Often, armed conflict completely transforms a woman’s role in her family and her community, A This covers 20,000 people (13,785 women) in 15 countries: Afghanistan, Burkina Faso, Burundi, Colombia, Ethiopia, Haiti, Iraq, Mali, Myanmar, Niger, Nigeria, Somalia, Sudan, Syria, and Yemen. Total respondents. Survey timeline: March 2020 to October 2023. The data also reflects 99 Rapid Gender Analyses CARE has conducted since 2013. and she takes on leadership no one dreamed was possible for her. She also faces safety risks that will affect her and generations to come. Acknowledging, supporting, and unlocking this leadership is key to better solutions for everyone. We need to create the conditions where women can thrive as leaders, where they have support, and where they are safe speaking up. We cannot achieve long-lasting peace if we ignore women.

We must act now. The number of women who live in conflict is skyrocketing. In 2022, about 600 million women lived within 50 kilometers (31 miles) of an armed conflict. That’s 15% of all women in the world. It’s also more than double the level from the 1990s.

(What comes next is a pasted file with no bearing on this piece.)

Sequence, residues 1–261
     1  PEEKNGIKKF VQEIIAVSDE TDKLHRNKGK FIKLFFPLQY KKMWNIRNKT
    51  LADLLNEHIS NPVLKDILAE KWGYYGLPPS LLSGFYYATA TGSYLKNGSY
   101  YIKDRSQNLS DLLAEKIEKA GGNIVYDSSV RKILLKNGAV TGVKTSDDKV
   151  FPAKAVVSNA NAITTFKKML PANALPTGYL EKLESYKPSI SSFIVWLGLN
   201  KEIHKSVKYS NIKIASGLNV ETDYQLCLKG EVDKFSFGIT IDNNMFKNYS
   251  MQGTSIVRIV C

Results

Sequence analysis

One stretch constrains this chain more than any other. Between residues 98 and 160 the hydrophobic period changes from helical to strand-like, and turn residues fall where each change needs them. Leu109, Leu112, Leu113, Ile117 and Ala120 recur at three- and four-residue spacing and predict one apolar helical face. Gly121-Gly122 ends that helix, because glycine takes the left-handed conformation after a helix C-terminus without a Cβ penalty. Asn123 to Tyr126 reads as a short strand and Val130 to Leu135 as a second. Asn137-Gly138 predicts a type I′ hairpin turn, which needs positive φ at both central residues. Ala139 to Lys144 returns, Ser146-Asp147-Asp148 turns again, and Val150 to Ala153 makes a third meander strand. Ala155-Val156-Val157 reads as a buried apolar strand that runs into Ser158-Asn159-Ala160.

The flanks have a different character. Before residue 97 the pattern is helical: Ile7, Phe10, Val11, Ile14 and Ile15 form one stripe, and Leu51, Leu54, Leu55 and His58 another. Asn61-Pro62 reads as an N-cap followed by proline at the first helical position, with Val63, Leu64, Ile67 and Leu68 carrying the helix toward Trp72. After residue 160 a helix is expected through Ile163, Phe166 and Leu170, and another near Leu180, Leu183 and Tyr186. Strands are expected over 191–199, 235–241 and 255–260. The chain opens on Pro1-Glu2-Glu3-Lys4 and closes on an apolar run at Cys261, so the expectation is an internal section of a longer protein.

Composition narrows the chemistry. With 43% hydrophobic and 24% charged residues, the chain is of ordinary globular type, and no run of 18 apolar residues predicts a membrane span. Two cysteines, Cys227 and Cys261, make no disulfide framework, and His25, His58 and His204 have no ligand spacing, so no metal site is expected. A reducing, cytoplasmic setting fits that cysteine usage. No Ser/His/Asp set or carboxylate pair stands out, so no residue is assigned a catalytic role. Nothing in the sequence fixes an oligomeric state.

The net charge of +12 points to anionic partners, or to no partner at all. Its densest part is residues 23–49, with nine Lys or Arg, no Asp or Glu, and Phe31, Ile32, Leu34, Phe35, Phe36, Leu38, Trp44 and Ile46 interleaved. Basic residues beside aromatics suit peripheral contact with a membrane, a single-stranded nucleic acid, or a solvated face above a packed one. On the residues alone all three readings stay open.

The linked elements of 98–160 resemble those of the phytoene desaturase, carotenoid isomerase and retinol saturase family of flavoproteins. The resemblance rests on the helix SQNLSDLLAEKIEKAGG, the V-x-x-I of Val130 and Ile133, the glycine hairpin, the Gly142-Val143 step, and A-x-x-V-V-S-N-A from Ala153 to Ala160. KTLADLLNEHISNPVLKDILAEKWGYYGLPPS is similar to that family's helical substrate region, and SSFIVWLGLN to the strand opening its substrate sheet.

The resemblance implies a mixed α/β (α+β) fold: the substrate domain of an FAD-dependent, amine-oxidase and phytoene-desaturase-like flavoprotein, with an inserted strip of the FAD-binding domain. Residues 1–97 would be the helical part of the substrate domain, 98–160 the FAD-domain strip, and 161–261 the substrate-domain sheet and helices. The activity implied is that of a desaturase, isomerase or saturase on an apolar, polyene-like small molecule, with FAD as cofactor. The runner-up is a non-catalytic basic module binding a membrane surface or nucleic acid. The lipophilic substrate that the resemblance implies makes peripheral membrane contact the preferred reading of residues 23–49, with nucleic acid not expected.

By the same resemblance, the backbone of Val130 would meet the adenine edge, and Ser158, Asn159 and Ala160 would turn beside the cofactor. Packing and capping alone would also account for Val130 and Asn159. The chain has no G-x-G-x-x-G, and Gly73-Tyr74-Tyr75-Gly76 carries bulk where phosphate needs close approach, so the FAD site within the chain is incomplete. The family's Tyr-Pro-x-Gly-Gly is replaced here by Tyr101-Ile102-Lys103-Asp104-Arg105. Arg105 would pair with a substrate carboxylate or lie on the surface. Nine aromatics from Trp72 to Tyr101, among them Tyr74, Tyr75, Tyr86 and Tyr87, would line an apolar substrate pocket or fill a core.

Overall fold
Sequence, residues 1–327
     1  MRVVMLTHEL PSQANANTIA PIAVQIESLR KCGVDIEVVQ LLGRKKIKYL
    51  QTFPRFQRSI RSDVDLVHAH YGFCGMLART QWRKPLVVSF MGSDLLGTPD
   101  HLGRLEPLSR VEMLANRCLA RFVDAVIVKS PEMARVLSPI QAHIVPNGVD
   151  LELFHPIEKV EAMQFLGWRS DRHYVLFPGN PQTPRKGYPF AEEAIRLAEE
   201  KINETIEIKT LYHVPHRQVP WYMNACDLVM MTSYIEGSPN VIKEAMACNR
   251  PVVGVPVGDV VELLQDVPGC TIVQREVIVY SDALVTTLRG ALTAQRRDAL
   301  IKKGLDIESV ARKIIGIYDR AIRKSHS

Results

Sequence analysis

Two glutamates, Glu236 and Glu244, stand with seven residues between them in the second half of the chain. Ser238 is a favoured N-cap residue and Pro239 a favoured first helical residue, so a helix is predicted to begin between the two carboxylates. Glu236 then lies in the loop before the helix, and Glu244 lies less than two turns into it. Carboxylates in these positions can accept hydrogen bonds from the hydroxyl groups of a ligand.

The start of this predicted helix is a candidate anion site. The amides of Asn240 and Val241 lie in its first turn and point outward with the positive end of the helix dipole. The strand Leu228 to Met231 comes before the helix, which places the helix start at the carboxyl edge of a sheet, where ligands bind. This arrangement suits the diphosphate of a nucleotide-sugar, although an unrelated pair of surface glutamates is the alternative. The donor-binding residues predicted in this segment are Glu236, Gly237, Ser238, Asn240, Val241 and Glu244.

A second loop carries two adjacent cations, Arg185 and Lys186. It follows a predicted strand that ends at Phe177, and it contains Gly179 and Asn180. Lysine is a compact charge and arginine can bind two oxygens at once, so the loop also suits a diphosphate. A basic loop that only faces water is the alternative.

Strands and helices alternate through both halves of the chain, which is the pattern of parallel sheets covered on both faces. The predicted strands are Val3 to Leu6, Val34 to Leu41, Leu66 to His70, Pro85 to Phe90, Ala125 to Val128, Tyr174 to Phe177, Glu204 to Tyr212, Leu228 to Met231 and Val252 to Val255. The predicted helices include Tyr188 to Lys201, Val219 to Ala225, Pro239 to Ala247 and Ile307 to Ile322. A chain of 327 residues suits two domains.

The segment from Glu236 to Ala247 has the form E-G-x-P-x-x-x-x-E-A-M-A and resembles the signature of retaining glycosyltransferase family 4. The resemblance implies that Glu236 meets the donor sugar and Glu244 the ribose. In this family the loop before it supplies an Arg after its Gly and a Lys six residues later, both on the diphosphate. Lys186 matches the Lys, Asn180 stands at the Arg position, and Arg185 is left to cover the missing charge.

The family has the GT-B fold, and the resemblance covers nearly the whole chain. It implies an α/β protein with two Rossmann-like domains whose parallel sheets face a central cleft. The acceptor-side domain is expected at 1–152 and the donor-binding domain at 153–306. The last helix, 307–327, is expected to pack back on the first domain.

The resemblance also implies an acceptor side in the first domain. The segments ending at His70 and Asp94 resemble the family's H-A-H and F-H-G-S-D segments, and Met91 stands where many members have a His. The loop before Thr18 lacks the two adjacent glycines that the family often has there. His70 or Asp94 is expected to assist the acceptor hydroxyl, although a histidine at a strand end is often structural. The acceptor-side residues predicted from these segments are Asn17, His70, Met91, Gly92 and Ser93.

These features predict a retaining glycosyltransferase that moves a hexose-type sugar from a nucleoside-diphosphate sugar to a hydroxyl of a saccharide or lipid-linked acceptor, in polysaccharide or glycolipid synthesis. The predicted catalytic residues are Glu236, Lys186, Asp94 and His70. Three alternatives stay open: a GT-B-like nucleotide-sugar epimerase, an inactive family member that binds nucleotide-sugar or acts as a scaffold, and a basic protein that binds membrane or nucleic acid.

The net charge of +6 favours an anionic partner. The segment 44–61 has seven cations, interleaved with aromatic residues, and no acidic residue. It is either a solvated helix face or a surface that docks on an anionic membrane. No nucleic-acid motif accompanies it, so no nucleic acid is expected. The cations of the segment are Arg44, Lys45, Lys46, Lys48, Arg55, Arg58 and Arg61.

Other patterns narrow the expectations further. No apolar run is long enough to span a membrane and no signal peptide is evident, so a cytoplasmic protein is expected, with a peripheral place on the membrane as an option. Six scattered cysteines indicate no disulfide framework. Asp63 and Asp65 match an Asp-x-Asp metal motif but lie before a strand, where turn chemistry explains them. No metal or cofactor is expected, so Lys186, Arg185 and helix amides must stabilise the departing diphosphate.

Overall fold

Since 2013, CARE has been focusing on women’s experience in crisis — starting with the conflict in Syria. Our Rapid Gender Analysis and Women RespondA paint a unique picture of how women are leading in crisis, what they need, and what we must do to support them.

This report combines surveys, qualitative interviews, and data models using publicly available datasets to understand women’s experiences in conflict. It showcases their opinions and their stories to highlight how their leadership is critical to communities surviving crisis. The surveys cover 20,000 people (13,785 women) since 2020. Public datasets and data models build from national-level data about women and women in conflict and draw on articles and expertise from a variety of published sources. The report also includes a media analysis of more than 7.8 million articles published about conflicts between 2013 and 2023 to understand current narratives of conflict.


Key Findings